(Reuters) – Here is a list of legal troubles facing former U.S. President Donald Trump, the front-runner for the 2024 Republican presidential nomination. Trump, 77, denies any wrongdoing.


Prosecutors accused Trump in an indictment unveiled on Tuesday of conspiring to defraud the U.S. by preventing Congress from certifying President Joe Biden’s 2020 victory and to deprive voters of their right to a fair election.

On Jan. 6, 2021, Trump’s supporters attacked the U.S. Capitol in a bid to stop Congress from certifying Biden’s victory. Prosecutors said Trump “exploited” the attack, refusing his advisors’ suggestion to send a message directing rioters to leave.

Trump and his allies advanced claims of fraud they knew to be untrue, prosecutors said. The indictment says close advisers, including senior intelligence officials, told Trump repeatedly that the election results were legitimate.

Trump and others organized fraudulent slates of electors in seven states, all of which he lost, to submit their votes to be counted and certified as official by Congress on Jan. 6, the indictment said.

Trump was ordered to make an initial appearance in Washington federal court on Thursday, Aug. 3.


Trump pleaded not guilty in federal court on June 13 in Miami to charges he unlawfully kept classified national security documents when he left office in 2021 and lied to officials who sought to recover them.

The trial is scheduled for May 20, 2024.

Special Counsel Jack Smith accuses Trump of risking national secrets by taking thousands of sensitive papers with him when he left the White House in January 2021 and storing them in a haphazard manner at his Mar-a-Lago Florida estate and his New Jersey golf club, according to the indictment.

Photos included in the indictment show boxes of documents stored on a ballroom stage, in a bathroom and strewn across a storage-room floor.

Those records included information about the secretive U.S. nuclear program and potential vulnerabilities in the event of an attack, the indictment said.

Trump faces charges that include violations of the Espionage Act, which criminalizes unauthorized possession of defense information, and conspiracy to obstruct justice.

On Thursday, prosecutors unveiled a new indictment, which charges Trump, his co-defendant and valet Walt Nauta, and a third Trump employee, Carlos De Oliveira, with attempting to delete security camera footage at Mar-a-Lago after they were sent a grand jury subpoena for the videos in June 2022.

Prosecutors allege De Oliveira told another employee that “the boss” wanted a server containing security footage to be deleted. He has yet to enter a plea.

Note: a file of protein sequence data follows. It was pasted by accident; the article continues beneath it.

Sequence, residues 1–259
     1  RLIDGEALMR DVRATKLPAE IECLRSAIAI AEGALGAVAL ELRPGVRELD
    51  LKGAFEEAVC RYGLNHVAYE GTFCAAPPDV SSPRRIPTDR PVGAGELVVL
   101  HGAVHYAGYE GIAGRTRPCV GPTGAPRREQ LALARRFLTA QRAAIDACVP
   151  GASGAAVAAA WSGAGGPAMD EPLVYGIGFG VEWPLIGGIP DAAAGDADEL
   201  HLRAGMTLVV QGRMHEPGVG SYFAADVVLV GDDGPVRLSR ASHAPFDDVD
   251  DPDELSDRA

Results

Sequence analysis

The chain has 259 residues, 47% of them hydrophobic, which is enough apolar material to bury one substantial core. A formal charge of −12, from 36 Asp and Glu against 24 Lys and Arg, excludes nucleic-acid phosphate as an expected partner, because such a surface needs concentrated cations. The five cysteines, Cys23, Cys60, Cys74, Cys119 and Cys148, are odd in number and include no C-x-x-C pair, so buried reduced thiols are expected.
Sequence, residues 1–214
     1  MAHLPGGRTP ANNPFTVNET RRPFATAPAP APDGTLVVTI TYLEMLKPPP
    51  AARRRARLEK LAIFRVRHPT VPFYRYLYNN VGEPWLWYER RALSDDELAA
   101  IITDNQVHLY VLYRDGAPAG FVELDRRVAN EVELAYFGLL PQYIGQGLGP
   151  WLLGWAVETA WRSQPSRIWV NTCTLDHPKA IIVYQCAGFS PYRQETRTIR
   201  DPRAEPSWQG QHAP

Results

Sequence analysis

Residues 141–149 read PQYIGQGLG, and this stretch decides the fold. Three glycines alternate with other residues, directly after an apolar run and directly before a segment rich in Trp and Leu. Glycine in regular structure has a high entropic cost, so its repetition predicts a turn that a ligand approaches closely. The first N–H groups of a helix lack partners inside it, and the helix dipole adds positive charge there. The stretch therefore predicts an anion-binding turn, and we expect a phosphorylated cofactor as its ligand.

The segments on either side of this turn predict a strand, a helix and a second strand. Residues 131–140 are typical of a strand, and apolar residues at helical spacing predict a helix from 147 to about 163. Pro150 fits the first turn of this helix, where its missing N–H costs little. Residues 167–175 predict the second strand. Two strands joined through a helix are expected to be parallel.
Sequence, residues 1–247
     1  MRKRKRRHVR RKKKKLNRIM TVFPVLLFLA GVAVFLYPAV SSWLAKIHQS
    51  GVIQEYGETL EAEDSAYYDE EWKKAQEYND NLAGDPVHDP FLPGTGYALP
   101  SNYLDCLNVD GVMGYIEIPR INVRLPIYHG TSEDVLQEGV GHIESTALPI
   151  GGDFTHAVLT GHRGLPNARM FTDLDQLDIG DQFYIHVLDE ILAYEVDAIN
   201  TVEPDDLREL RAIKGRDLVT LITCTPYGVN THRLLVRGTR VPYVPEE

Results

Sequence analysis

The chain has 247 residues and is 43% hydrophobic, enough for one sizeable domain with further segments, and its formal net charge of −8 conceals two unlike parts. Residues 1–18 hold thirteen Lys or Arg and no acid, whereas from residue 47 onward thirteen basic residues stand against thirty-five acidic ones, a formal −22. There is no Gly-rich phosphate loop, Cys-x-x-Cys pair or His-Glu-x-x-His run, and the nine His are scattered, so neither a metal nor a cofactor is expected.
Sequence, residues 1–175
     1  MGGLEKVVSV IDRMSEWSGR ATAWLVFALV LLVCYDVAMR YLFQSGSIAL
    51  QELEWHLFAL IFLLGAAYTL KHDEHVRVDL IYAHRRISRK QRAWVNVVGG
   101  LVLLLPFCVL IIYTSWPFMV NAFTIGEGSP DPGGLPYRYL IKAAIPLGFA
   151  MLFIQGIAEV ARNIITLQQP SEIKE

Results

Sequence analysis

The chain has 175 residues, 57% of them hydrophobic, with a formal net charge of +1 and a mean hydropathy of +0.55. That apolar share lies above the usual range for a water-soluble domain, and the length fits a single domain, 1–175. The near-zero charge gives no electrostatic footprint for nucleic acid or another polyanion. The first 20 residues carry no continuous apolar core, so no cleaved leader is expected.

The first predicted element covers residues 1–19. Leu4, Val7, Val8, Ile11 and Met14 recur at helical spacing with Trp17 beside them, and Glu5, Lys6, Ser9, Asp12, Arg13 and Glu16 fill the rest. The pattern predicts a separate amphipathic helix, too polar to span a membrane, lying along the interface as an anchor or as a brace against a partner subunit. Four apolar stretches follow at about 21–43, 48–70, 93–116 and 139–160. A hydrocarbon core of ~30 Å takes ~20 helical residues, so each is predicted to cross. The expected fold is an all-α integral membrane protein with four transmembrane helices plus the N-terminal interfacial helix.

Fulton County District Attorney Fani Willis is investigating whether Trump and others tried illegally to overturn his defeat in that state’s 2020 presidential vote. A charging decision in the criminal case is expected by Sept. 1.

The investigation focuses in part on a Jan. 2, 2021, phone call Trump made to Republican Georgia Secretary of State Brad Raffensperger, asking him to “find” enough votes needed to overturn Trump’s loss in Georgia.

Legal experts said Trump may have violated at least three Georgia criminal laws: conspiracy to commit election fraud, criminal solicitation to commit election fraud and intentional interference with performance of election duties.

Trump could argue that his discussions were free speech protected by the U.S. Constitution.


A New York grand jury indicted Trump for allegedly falsifying business records in connection with a hush-money payment to a porn star before the 2016 presidential election.

Trump’s former personal lawyer, Michael Cohen, paid Stormy Daniels $130,000 for her silence about a sexual encounter she said she had with Trump in 2006. Prosecutors in Manhattan accuse Trump of trying to conceal a violation of election laws.

Trump pleaded not guilty to 34 counts of falsifying business records. He has denied having a sexual encounter with Daniels but admitted to reimbursing Cohen for his payment to her.

Cohen pleaded guilty to campaign finance violations and other crimes and was sentenced to three years in prison in 2018 during Trump’s presidency.

The trial is scheduled for March 25, 2024.


Trump is appealing a $5 million verdict by a Manhattan federal jury that found him liable for sexually abusing writer E. Jean Carroll in the mid-1990s and then defaming her by lying about it in 2022.

Carroll is seeking at least $10 million more in a separate defamation lawsuit she amended after Trump blasted the verdict on CNN and on his social media platform. He has denied meeting Carroll and accused her of making up her allegations.

A trial in that case is scheduled for Jan. 15, 2024.


New York Attorney General Letitia James sued Trump and his family business, the Trump Organization, last September for alleged fraud by him and his family.

James, a Democrat, accuses Trump of lying from 2011 to 2021 about asset values, including for his Mar-a-Lago estate in Florida and Trump Tower penthouse in Manhattan, as well as his own net worth, to obtain better terms from lenders and insurers.

The lawsuit seeks at least $250 million in damages from Trump, his adult sons Donald Jr and Eric, the Trump Organization and others, and to stop the Trumps from running businesses in New York.

A trial is scheduled for Oct. 2, a date the judge has said is “set in stone.” James’ office said on July 31 it has finished gathering evidence and is ready for trial.

(Reporting by Joseph Ax, Luc Cohen, Karen Freifeld, Susan Heavey, Sarah N. Lynch, Jonathan Stempel and Jacqueline Thomsen; Editing by Noeleen Walder, Howard Goller and Daniel Wallis)

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